• Alcohol consumption above 3 units per day increases BP, risk of cardiac arrhythmias, cardiomyopathy and sudden death
  • Patients should be advised to abstain from alcohol or reduce alcohol consumption
  • Goal: Limit alcohol intake to 100 g/week; <2 glasses per day or 20 g/day of alcohol for men and one glass per day or 10 g/day for women

Smoking Cessation

  • Studies have shown that smoking accelerates coronary plaque development and may lead to plaque rupture,dangerous in patients with advanced coronary atherosclerosis
  • Smoking cessation has been shown to significantly increase HDL-C
  • Evidence supports the beneficial effect of smoking cessation on cardiovascular disease mortality
  • All smokers should be strongly encouraged to quit smoking by a health professional and be supported in their efforts to do so
    • Assess the tobacco user’s willingness to quit
    • Assist by counseling and developing a plan for quitting
    • Pharmacologic intervention (such as Nicotine replacement therapy, Bupropion or Varenicline) should be given to motivated smokers who failed to quit by counseling
      • The use of electronic cigarettes as a tool for smoking cessation is not recommended due to insufficient evidence and potential harm
    • Arrange follow-up and referral to special programs
    • Successful smoking cessation program often entails a multidisciplinary approach
  • All nonsmokers should be encouraged not to start smoking
  • Goal: Complete smoking cessation and no exposure to environmental tobacco smoke
  • Please see Smoking Cessation disease management chart for further information

Weight Management

  • Risk of coronary disease and mortality is increased in obese patients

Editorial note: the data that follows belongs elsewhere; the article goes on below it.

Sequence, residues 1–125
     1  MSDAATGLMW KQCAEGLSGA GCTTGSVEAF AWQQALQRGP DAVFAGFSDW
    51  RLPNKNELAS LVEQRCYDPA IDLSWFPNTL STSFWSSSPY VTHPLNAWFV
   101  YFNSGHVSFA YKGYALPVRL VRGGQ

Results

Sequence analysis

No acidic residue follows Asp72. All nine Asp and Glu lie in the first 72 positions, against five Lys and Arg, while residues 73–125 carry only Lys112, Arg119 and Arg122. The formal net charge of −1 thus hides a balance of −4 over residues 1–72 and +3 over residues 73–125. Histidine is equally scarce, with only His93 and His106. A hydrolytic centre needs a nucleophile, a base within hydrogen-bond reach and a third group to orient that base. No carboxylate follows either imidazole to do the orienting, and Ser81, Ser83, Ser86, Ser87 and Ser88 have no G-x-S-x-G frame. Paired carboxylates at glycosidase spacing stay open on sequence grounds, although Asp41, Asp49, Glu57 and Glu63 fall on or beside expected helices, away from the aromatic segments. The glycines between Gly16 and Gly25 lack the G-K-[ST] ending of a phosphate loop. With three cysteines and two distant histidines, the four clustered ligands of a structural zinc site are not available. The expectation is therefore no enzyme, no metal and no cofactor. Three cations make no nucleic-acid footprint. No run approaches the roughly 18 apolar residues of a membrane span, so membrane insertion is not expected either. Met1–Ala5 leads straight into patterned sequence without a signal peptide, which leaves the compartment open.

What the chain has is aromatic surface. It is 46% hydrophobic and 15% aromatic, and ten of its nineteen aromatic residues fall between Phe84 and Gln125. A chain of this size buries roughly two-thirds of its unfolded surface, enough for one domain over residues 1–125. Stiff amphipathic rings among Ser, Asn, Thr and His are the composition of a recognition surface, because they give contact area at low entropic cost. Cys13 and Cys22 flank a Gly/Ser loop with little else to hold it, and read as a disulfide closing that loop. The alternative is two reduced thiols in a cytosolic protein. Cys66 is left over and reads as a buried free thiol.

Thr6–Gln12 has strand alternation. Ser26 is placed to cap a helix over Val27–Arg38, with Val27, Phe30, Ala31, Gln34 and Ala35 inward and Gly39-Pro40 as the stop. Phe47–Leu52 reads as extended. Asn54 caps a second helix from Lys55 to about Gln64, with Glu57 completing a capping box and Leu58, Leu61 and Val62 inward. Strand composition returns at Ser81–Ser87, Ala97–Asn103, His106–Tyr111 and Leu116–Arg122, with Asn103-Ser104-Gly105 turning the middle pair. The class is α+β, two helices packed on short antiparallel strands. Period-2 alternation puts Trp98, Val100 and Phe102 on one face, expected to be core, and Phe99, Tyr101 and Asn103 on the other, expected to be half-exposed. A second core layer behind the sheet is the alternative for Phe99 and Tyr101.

• Obesity also contributes to other chronic heart disease risk factors (such as hypertension, dyslipidemia, type 2 DM)
    • The presence of abdominal obesity particularly raises and independently predicts cardiovascular risk and waist circumference along with waist:hip ratio should be evaluated
    • Waist:hip ratio is indicative of central obesity
    • Gender-specific waist circumference cutoff points for increased cardiovascular disease risk have been established in Asians:≥80 cm in women and ≥90 cm in men
  • Weight reduction results in lower BP, lower LDL-C and TG, higher HDL-C and improvements in hyperinsulinemia and hyperglycemia; it is recommended in overweight and obese patients
    • Initial target for weight loss is 5-10% for patients with BMI 20-25 kg/m2
  • Goal BMI for Asian adults: 18.5-22.9 kg/m2
  • Weight control can be achieved by a healthy diet maintained over time, increase in physical activity, structured exercises and behavioral counseling programs
  • Successful weight reduction requires sustained personal and family motivation, and with long-term professional support
  • Pharmacological intervention is an option for patients who are determined to lose weight and will be able to incorporate the therapy with comprehensive lifestyle intervention strategies

Editor's Recommendations
Special Reports